If there was ever a ‘Cinderella’ technology that has suffered at the hands of tough economic times, it is the automated guided vehicle (AGV). Unmanned, remote-controlled material handling by AGV was mooted by many as the answer to speeding up production through accurate and timely pick up and delivery of parts in the logistics process, while interacting with all elements of production, particularly assembly.
As demand for production has fallen and plants have downsized, so the AGV has come to be seen as a luxury more than a tool for increasing efficiency. After all, as a plant manager, would you rather keep fork truck and tugger train operators or lay them off to invest in what is a very expensive piece of equipment?
On the other hand, the growing demand for lighter, more fuel-efficient vehicles, that must be made on existing lines, has caused a fundamental change in the way many car makers view the need for line flexibility.
The sheer number of variants that an OEM must be prepared to make, often in an existing, older facility, means that AGVs are a very smart solution to handling complex and constantly changing inventory. At present, typical AGV applications in the automotive industry include automated raw material delivery, automated work in process movements between manufacturing cells, and finished goods transport. AGVs link shipping and receiving, warehousing, and production; with just-in-time part deliveries that minimize lineside storage requirements. They can also help create the fork-free manufacturing environment that every plant in the automotive industry is seeking. Ask any plant manager/process planner and he will tell you that fork trucks are the most dangerous and space-hungry pieces of equipment, but they also tend to be a necessary evil, used for shifting the heavier loads found in body-in-white and powertrain.
Julian Hetherington, Director, Land & Strategic Asset Development at Jaguar Land Rover says JLR’s shifting manufacturing base and need for flexibility has so far ruled out AGVs, since the cost is high and the flexibility low. “AGVs have traditionally had tracks laid in the plant floor for their guidance and this would not suit our need for flexibility,” he says. “Ideally we would use laser or radioguided AGVs, but the high cost is also an issue – we would like to see this come down.”
Gary Cowger, who heads up manufacturing for General Motors, says GM has had mixed results with AGVs in North America, outside the traditional European usage base. “We went through a period of using them,” he says. “I think we misused them in bodyshops and heavy processing where they were not the best solution. In the correct applications, AGVs can be very useful – in driveline transport and shifting material delivery systems at point of use. There you can use very low cost AGVs and get the best from them.”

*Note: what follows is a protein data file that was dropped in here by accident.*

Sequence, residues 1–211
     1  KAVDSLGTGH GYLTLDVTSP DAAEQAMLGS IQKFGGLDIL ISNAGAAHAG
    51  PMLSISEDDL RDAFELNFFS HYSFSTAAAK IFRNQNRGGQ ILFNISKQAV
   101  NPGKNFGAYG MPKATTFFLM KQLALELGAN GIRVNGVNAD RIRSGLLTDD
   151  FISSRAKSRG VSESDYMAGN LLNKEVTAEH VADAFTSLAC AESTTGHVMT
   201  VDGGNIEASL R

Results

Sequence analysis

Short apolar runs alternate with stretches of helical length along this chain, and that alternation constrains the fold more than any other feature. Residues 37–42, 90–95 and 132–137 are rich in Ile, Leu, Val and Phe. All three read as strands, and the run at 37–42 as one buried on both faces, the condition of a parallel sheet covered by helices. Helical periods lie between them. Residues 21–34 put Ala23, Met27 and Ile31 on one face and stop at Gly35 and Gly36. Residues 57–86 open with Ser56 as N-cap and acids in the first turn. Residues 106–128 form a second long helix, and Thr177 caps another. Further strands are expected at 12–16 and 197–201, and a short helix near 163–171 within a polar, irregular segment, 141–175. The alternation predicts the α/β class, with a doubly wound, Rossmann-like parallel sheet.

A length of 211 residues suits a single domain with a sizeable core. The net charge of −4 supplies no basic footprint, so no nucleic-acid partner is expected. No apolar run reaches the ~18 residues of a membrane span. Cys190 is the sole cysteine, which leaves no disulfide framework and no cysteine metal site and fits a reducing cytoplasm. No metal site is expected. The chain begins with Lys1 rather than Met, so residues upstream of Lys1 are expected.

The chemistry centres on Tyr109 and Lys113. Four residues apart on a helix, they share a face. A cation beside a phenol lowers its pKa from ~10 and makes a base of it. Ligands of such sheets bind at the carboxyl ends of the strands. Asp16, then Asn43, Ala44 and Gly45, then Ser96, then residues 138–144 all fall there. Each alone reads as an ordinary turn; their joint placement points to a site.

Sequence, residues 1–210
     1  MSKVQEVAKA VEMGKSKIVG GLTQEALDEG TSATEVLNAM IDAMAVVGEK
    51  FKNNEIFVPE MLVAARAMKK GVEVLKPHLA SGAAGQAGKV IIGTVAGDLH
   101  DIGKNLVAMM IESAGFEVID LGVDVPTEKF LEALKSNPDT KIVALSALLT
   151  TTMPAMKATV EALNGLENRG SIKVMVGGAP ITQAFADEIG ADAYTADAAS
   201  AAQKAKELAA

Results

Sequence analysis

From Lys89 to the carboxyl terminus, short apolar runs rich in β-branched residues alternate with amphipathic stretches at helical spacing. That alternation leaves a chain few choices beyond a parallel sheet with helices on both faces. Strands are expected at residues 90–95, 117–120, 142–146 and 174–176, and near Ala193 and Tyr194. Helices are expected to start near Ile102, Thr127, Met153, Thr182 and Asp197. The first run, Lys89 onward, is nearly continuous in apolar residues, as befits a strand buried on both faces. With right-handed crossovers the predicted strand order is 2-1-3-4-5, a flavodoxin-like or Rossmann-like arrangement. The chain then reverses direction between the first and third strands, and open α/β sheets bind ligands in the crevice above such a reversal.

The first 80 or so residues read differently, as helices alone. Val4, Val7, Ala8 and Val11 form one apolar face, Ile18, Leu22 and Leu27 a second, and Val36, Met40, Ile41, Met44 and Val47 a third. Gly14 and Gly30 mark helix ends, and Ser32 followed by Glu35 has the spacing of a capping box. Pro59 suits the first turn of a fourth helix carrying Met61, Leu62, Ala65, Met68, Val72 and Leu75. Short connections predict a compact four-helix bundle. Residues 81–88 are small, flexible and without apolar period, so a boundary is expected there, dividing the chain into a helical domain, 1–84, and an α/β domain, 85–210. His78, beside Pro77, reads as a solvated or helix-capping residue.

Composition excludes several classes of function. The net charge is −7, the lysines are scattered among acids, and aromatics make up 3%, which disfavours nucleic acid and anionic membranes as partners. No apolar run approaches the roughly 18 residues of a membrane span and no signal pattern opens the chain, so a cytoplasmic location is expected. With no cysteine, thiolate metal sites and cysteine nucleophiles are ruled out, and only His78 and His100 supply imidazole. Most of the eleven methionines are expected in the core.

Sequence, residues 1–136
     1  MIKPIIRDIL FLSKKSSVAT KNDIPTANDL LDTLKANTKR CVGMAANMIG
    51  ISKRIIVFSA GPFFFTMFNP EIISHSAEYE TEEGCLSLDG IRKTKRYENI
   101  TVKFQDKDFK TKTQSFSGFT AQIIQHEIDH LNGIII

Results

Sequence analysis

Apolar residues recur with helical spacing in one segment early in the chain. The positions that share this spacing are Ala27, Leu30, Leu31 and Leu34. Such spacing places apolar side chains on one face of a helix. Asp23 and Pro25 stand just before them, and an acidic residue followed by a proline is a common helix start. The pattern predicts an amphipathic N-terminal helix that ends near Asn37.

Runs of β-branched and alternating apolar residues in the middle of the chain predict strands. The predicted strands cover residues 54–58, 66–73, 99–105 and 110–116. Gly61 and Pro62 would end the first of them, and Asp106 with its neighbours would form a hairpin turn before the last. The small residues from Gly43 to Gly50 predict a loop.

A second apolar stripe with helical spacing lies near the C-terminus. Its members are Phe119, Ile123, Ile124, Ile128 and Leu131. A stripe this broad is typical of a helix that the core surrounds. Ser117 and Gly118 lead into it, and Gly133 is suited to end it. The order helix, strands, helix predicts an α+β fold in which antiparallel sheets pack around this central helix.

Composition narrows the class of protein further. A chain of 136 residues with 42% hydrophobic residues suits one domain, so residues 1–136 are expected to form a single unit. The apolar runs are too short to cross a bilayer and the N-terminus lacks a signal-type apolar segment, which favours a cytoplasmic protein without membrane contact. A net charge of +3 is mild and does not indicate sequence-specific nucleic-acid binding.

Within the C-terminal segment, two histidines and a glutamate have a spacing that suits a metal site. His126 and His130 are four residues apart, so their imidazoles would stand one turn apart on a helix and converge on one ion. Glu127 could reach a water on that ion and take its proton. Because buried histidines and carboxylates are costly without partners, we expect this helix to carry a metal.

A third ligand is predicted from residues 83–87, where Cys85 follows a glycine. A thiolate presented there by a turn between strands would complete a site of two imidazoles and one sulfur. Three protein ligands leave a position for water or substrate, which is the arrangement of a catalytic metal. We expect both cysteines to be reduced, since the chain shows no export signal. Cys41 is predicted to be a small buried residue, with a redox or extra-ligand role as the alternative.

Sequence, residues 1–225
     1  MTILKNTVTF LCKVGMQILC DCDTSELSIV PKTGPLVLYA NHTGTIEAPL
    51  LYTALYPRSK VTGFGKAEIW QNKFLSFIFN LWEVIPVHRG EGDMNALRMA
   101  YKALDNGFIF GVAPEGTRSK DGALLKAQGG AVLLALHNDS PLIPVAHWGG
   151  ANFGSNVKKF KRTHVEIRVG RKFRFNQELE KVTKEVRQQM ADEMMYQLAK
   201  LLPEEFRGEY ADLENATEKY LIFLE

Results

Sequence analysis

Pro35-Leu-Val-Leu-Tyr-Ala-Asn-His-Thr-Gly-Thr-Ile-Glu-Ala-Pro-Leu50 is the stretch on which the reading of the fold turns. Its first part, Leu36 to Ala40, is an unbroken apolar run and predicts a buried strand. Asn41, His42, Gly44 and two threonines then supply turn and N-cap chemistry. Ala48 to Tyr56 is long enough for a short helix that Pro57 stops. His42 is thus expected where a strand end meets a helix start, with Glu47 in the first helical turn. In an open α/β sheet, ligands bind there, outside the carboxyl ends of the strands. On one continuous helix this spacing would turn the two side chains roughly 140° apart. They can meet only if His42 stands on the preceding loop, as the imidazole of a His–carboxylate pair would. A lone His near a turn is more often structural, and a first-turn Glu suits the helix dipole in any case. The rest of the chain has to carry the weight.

Automated guided carts or AGCs, have also found favour with volume carmakers. These run along very much more fixed routes, often effectively becoming an unmanned ‘milk run’ vehicle that can have different carts attached to the power unit to deliver various components to various elements of the production line. Cowger again: “The application of simple, low-cost AGC technology allows for a lean, more efficient material delivery and transfer system to transport material to the production lines.”
In theory, AGVs can address all these challenges and oust the fork truck forever; the key is in the control systems. The heart of the latest AGV control systems is often an on-board PC that runs the navigation software required to guide the vehicles throughout the system. A sophisticated control architecture will support laser, inertial, magnetic or wire guidance, or a combination of these on a single vehicle.
Added to this is the necessity for the control system to mesh with the existing IT environment. It needs to be fully compatible with all pre-existing ERP packages, operating software and schedulers, and it needs to be able to receive orders directly from the ERP system.
While it may seem that these demands are best met when building a new plant, one great advantage of AGVs is their flexibility; because there are very few fixed installation demands, control systems can be added on to existing networks. Where AGVs are being introduced for the first time, wired (or wireless) installations can often be made during a weekend or over short production breaks.
This is in stark contrast to almost any other type of material handling system (outside of fork trucks), where lines must be re-designed or freshly installed. And with the proliferation of laser, radio signal and inertial guidance systems, the plant manager does not even have to consider the disruption of disturbing concrete floors to install magnetic strips or wires for the AGVs to follow.